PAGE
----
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“Bite-Size Bits of Local, National, and Global History”
“Bite-Size Bits of Local, National, and Global History”
Cottonwood Heights in Salt Lake County, Utah — The American Mountains (Southwest)
 

Early Monuments

 
 
Early Monuments Marker image. Click for full size.
By Connor Olson, April 17, 2021
1. Early Monuments Marker
Inscription.  In 1915, the first marker to commemorate the arrival of the Mormon pioneers to the Salt Lake Valley was a large, wooden cross. The wooden cross was replaced in 1921 with the obelisk monument you see in front of you. This spot is where Brigham Young made the statement, "This is the right place. Drive on.”
 
Erected by This Is The Place Foundation.
 
Topics. This historical marker is listed in these topic lists: Churches & ReligionSettlements & Settlers. A significant historical year for this entry is 1915.
 
Location. 40° 45.224′ N, 111° 48.821′ W. Marker is in Cottonwood Heights, Utah, in Salt Lake County. Marker can be reached from East Sunnyside Avenue South. Touch for map. Marker is at or near this postal address: 2601 East Sunnyside Avenue South, Salt Lake City UT 84108, United States of America. Touch for directions.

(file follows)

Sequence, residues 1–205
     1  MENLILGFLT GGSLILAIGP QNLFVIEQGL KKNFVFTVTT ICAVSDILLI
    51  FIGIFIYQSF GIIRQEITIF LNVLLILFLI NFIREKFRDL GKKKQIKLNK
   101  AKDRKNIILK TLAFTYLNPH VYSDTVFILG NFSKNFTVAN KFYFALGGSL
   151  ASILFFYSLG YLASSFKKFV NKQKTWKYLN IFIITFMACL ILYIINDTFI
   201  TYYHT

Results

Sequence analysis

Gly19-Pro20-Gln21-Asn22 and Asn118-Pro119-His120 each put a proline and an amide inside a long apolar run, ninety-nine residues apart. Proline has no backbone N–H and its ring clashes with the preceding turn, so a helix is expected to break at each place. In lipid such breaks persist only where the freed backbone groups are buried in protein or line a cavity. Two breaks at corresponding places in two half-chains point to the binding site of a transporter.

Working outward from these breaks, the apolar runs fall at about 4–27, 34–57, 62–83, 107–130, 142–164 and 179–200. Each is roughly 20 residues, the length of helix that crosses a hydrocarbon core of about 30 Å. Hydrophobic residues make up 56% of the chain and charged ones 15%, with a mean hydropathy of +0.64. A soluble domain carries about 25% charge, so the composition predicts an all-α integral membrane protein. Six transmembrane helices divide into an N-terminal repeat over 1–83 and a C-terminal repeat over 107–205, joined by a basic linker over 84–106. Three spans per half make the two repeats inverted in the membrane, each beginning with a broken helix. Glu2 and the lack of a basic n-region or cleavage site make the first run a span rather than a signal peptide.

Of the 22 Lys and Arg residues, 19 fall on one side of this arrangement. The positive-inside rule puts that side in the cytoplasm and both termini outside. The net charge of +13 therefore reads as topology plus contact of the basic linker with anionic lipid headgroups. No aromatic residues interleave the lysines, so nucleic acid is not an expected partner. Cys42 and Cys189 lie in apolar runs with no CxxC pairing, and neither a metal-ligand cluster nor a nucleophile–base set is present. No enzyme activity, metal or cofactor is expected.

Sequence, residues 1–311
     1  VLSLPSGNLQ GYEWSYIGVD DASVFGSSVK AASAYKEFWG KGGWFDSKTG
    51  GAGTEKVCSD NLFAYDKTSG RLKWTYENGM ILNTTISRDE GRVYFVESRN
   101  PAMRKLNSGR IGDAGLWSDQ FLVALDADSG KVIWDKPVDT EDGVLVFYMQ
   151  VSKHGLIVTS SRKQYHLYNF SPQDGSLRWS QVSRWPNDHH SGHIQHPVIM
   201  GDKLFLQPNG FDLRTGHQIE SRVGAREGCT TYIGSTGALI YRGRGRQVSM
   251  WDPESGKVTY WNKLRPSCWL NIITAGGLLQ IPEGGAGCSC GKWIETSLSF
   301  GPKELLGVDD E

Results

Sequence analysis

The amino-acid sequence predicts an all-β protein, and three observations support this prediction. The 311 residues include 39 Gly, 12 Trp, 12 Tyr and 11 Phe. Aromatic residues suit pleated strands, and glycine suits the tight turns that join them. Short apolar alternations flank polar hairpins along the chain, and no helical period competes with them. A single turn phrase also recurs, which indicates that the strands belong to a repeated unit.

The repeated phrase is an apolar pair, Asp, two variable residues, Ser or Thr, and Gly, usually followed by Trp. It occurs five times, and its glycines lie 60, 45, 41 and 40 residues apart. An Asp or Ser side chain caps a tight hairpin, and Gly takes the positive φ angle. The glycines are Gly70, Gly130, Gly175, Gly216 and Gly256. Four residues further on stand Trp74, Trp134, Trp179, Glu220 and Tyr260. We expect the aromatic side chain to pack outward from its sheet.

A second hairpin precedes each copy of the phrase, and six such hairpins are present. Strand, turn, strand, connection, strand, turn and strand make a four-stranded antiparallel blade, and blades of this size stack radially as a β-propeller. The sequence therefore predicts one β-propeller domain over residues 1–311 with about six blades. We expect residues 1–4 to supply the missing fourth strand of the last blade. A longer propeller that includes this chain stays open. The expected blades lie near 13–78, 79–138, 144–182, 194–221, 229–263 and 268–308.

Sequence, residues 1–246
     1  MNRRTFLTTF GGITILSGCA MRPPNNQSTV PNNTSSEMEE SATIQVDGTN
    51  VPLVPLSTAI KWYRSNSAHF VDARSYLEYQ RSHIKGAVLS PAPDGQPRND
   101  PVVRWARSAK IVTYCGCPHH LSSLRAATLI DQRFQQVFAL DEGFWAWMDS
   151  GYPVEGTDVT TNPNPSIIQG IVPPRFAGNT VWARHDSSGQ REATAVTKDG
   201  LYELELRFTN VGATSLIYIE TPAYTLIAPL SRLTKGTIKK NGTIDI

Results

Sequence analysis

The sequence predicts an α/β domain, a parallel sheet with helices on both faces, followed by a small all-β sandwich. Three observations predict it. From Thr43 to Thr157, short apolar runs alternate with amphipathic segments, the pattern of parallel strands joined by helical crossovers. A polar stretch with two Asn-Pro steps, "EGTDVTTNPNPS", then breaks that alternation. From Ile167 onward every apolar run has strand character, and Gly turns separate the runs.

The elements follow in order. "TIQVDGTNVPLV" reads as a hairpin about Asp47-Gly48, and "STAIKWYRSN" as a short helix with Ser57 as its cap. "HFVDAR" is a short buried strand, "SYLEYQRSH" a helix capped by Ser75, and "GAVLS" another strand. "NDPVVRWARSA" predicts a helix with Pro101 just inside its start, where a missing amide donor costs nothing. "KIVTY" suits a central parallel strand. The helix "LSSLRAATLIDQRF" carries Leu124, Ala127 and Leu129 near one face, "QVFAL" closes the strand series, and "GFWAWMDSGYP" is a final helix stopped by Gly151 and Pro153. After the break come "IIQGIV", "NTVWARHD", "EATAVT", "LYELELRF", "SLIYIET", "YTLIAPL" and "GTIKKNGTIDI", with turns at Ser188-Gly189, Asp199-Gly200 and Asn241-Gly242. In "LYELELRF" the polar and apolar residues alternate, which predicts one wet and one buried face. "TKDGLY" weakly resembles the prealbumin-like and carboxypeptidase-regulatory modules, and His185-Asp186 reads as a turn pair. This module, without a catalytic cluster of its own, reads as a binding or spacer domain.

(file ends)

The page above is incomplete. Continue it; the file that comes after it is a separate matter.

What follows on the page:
Other nearby markers. At least 8 other markers are within walking distance of this marker. William Atkin Home (within shouting distance of this marker); This Is The Place Monuments (within shouting distance of this marker); Handcarts (about 400 feet away, measured in a direct line); Manti Fort Gristmill
Early Monuments Marker image. Click for full size.
By Connor Olson, April 17, 2021
2. Early Monuments Marker
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(about 400 feet away); Thomas Phillip White Cabin (about 500 feet away); Niels and Josephine Anderson Home (about 500 feet away); Edward Snelgrove Boot Shop (about 600 feet away); Deseret Telegraph Office (about 600 feet away).
 
 
Credits. This page was last revised on April 28, 2021. It was originally submitted on April 17, 2021, by Connor Olson of Lemmon, South Dakota. This page has been viewed 37 times since then. Photos:   1, 2. submitted on April 17, 2021, by Connor Olson of Lemmon, South Dakota. • Syd Whittle was the editor who published this page.

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May. 13, 2021